A Chorus Line

The Festival Theatre. 3 to 28 Jan 2012

A Chorus Line tells the story of 17 individuals who are competing for one of eight roles in a Broadway musical. Unexpectedly however, the audition exposes much more of their personalities than they ever intended on giving; their strengths and weaknesses; their wants and desires; their future and their past, all whilst putting them through their paces as they vie for a place in the final chorus.

The reluctantly told personal stories of the characters give the audience a voyeuristic look into their lives. As the characters candidly expose their disappointments and let downs, we, like big brother, get a reality experience which is not quite as edgy and ground breaking as when the show first opened on Broadway in 1975. The show seems to drag in parts and despite being relevant through pop trends such as ‘So You Think You Can Dance’ and the ‘X Factor’, what was once contemporary now just seems conventional.

This production, with restaged direction by Baayork Lee has an outstanding cast of young ‘triple threats’, who each sing, dance and act up a storm on the Festival Theatre stage. This is not the first time Lee has worked on a restaging of the production, having re-created Michael Bennet and Bob Avian’s original choreography in 2006, and this Australian Premiere production is not all that far from the original either, using original set design, costuming, sets and choreography. Even the lighting is original and has merely been adapted and realised; sadly seeming just a little shy of its potential.

The cast is excellent however, and create an entertaining production with very high standards of voice and dance. Whilst all are immensely talented special mention must be given to a few. Joshua Horner as Zach the formidable director showed us why he was cast in the role, always dancing with great strength and a perfect line. South Australian born Debora Krizak gives Sheila the perfect attitude and is a stunning dancer and skilled comic, using attitude, timing and facial expressions to great effect.  Stephanie Grigg plays a gorgeously tall Maggie and steals the number ‘At the Ballet’ when she joins Sheila and Bebe, singing with subtlety and gracefully perfect pitch. Euan Doidge as Paul wraps the audience around his finger in a beautiful spot of acting as he recounts his childhood and coming to terms with his sexuality and Kurt Douglas as Richie bursts onto the stage, dancing with so much energy that the audience cannot help but applaud.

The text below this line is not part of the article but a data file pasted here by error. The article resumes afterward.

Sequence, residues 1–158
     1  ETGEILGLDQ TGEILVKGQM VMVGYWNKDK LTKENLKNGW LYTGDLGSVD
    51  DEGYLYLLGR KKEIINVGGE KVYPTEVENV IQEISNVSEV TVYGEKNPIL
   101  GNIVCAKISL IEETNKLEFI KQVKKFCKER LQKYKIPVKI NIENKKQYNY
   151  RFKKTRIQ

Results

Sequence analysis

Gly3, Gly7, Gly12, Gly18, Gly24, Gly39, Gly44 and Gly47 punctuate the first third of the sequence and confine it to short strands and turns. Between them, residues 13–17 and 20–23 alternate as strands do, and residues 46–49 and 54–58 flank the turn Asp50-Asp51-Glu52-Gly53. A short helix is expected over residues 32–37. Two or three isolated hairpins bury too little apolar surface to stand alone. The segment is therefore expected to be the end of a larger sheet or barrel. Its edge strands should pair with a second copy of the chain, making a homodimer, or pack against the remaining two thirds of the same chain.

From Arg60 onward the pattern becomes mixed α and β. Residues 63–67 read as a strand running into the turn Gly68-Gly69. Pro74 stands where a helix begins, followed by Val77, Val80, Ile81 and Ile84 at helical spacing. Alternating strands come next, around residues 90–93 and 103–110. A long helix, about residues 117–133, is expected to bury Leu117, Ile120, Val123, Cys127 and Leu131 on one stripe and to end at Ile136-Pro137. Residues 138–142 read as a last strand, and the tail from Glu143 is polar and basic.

Vocally however, the standout was Anita Louise Combe in the role of Cassie. Combe belts out ‘The Music and the Mirror’ and performs a brave solo dance on an empty stage, working valiantly despite the lighting and choreography which seem to hold the explosive scene back.

Musical Director Paul White skilfully commands the Adelaide Art Orchestra who play wonderfully and never overpower the ensemble voices. Sound was an issue however, and solos were often drowned out by the ensemble’s voices. The company choreography by Lee and her team is tight and well-timed with excellent synchronicity.

In its day this was a musical which broke all of the conventions of regular Broadway shows. It was edgy and challenging, and ran for 15 years, winning nine Tony Awards and a Pulitzer Prize. Though thematically still relevant the show feels a little tired. If you are a fan of A Chorus Line, you will not be disappointed by this production. If, however, you are just expecting to see a big budget, all singing, all dancing musical spectacular the likes of last year’s production of Wicked, then you may be disappointed. This show is as much a play as it is a musical, and with the right expectations, there is a tonne of potential for enjoyment.

Paul Rodda